Though it's been a generally lackluster period for PC action games, tactical shooters have had a great year. Between the ambitious Operation Flashpoint, the much-anticipated successor to the venerable Rogue Spear franchise, Ghost Recon, and the ongoing popularity of user-created mods such as Counter-Strike and Day of Defeat, fans of the genre have had more good games to play than ever before. For better or worse, the genre has even gained its own massively multiplayer game with the release of WWII Online. It was only a matter of time, then, before budget publishers noticed the trend and capitalized on it. The result is Deadly Dozen, Infogrames' entry into the previously nonexistent world of budget-priced tactical shooters. And true to the genre's recent run of luck, it's pretty darn good.
As the title implies, Deadly Dozen tells the story of 12 unruly but tough army misfits who, during World War II, were picked to man an elite squad of guerilla fighters for undercover missions behind enemy lines. Honestly, though, it's really the Deadly Dozen manual that does most of the storytelling. True to the example set by its full-priced competition, Deadly Dozen isn't heavy on plot, which is just fine.
The game is structured as an unrelated series of missions. Before each one, you're given a quick briefing on the mission goals. There are usually between one and four main goals, and these generally consist of finding something and then blowing it up. The final goal of each mission is always the same: guide the surviving members of your team to an extraction point.
You can pick up to four men to execute each mission and then outfit each of them with two weapons and three equipment items. The men are each rated in seven categories: small arms, heavy weapons, explosives, sniping, medical, sneaking, and toughness. The effects of most of these attributes are very clear--someone with a high sniping skill has a noticeably better chance of killing an enemy in one rifle shot, and health packs are more effective when administered by a squad member with a good medical rating. Any team member killed in action becomes unavailable for the rest of the game, which provides some continuity between missions and acts as an incentive to keep everyone alive.
The 10 missions take place across various locations in Europe and North Africa. Most levels include a mix of both indoor and outdoor environments, and all are huge. The graphics, while not state of the art, are certainly above average, especially for a budget game. The 3D engine is capable of producing some striking outdoor scenes, and the various smoke and weather effects are all well done. The one big letdown is that all the levels are filled with fog, including ones that take place in the desert in broad daylight. Perhaps to boost engine performance, an opaque plane of fog is pretty close at all times. So even though the levels each represent what's probably a couple of square miles, you'll never really get a panoramic view of your surroundings.
The fog also contributes to the game's biggest flaw--the enemy artificial intelligence. The Nazis you're fighting tend to have the uncanny ability, once they detect you, to pinpoint your position and fire on you, even if you can't really see them through the murk. If you shoot an unsuspecting guard from a distance using the sniper scope and don't manage to kill him, he'll instantly find you and fire back with deadly accuracy, even if he's armed only with an unsighted rifle. On levels with a lot of cover, this isn't as much of a problem, as it becomes easier to creep from building to building and plan your attacks more carefully. But in missions that have a lot of fog and not a lot of cover, you end up having to abandon most of the squad-based parts of the game. Even though you can give orders, such as follow, hold position, and attack, and set formations and control each man individually, the only member of your squad who's really useful in a lot of situations is the guy with the perfect rating in both sneaking and sniping. You'll often find yourself either attempting these missions with just one man or using the other three soldiers as pack mules to hang back and carry extra health kits and ammo.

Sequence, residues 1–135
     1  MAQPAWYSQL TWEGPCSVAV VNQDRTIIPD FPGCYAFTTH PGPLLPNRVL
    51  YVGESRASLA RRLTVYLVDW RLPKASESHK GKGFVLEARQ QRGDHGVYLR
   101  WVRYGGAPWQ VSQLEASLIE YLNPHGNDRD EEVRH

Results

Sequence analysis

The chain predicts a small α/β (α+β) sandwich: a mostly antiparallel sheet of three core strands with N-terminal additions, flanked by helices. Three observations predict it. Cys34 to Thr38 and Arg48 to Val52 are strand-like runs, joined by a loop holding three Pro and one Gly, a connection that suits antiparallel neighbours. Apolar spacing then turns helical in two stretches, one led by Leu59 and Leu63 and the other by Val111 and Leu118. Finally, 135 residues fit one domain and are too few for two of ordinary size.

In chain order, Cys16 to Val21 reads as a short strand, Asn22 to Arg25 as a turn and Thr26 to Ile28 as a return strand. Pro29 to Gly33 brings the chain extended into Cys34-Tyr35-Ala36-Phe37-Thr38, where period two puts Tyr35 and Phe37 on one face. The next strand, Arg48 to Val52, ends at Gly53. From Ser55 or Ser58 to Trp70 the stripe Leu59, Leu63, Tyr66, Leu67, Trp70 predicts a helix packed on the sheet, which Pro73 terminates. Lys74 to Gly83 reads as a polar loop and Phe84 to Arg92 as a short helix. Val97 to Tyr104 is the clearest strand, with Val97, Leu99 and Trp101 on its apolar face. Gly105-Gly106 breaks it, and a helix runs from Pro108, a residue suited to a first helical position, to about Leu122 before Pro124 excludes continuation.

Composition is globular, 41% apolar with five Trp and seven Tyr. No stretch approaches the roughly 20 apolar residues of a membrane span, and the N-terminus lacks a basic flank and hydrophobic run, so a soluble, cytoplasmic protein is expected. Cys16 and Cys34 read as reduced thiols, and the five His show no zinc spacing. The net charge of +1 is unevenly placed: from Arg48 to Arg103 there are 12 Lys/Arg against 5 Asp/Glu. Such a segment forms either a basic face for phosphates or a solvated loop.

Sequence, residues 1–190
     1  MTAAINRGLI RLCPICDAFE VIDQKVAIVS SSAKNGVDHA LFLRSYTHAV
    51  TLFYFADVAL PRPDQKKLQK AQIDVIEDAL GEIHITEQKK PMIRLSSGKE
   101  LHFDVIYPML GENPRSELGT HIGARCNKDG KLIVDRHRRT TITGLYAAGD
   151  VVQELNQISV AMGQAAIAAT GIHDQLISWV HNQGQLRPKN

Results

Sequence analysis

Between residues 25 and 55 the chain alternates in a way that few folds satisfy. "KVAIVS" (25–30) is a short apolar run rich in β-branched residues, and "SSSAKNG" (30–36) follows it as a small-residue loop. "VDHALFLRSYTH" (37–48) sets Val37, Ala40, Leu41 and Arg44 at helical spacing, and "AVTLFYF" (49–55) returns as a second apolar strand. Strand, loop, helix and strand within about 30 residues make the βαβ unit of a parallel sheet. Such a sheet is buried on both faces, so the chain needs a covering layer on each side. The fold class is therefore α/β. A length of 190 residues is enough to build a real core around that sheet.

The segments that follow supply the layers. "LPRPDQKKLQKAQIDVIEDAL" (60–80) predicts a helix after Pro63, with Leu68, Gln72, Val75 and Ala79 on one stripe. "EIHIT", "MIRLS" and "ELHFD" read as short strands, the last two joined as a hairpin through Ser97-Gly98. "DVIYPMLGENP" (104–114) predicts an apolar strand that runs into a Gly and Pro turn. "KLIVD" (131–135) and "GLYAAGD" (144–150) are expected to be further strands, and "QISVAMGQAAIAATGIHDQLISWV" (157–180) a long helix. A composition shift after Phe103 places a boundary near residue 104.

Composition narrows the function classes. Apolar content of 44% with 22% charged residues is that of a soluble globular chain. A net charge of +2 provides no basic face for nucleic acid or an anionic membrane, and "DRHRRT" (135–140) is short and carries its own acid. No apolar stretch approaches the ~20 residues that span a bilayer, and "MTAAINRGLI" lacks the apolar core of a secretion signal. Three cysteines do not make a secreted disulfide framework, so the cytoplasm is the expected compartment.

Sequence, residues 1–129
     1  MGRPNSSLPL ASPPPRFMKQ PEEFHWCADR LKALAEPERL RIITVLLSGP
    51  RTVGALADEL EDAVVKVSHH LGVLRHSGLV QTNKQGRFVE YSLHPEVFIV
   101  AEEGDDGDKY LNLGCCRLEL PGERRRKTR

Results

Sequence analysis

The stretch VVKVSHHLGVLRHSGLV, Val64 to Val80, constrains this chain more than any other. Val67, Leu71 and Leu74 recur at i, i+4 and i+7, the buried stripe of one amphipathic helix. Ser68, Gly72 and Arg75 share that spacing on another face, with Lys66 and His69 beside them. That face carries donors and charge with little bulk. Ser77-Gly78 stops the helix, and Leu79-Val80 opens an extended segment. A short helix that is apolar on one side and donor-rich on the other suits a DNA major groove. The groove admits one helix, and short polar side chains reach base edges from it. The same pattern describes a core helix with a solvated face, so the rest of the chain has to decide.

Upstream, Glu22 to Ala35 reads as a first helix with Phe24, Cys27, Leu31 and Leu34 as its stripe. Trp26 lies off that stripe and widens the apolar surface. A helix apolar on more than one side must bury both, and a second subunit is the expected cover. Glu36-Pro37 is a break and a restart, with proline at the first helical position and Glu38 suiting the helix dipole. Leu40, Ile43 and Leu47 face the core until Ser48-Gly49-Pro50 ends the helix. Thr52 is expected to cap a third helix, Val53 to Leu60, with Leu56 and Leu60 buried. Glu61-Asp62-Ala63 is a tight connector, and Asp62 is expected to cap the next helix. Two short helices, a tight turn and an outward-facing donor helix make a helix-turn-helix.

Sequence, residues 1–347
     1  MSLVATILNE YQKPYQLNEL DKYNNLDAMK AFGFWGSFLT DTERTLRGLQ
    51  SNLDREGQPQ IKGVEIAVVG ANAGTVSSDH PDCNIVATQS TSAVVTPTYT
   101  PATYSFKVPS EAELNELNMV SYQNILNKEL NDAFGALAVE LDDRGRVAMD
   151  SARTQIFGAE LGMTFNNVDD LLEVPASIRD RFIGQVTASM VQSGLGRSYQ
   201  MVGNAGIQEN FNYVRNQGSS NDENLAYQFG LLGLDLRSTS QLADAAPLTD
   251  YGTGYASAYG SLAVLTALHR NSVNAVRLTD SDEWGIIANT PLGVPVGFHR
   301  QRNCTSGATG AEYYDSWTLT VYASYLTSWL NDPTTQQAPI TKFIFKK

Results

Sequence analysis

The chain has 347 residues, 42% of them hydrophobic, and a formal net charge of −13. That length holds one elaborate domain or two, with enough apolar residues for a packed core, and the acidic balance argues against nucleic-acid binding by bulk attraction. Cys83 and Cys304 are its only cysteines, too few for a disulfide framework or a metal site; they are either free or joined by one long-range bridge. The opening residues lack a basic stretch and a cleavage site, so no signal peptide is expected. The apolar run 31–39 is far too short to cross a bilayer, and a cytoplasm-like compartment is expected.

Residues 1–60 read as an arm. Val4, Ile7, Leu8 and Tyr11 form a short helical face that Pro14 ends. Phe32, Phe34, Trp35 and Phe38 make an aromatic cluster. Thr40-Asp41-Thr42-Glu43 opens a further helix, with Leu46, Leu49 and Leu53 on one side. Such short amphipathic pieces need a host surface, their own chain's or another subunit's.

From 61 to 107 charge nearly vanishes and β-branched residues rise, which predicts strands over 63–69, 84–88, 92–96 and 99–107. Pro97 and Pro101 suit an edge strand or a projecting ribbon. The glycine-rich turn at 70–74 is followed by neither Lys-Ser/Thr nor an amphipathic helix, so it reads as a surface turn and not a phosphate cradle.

Still, this same AI complaint can be made against a lot of Deadly Dozen's competition, and the enemy soldiers are at least predictable. While these flaws make a few of the levels--like the second one in which you're fighting through a graveyard maze in almost total darkness--more annoying than fun, some of the missions are great. For instance, one that involves sneaking from house to house through a burnt-out French village ranks among the most atmospheric, tensest, and generally best-executed levels in any tactical shooter to date.
This bad news/good news pattern cuts through all of Deadly Dozen. On the one hand, enemy tanks have the same unnatural ability to locate your position as do the superhuman soldiers, but on the other hand, you can drive cars! There's no multiplayer, but the squad AI is good. Some users have experienced problems running the game under Windows XP, but those who get it to work often seem pleasantly surprised. For some reason, Deadly Dozen unmaps the forward movement key every time you boot it up, but the system for giving orders to your squad is concise and easy to use. The mission maps are often not exactly accurate; one even has the wrong primary targets circled. But the orchestral score is exceptional by turns stirring and moody.
Ultimately, Deadly Dozen is more enjoyable than frustrating. It's not perfect, but given the grim history of budget titles, "not perfect" qualifies Deadly Dozen for the Nobel prize for cheap games. And it would probably win it in a year in which Serious Sam didn't also come out.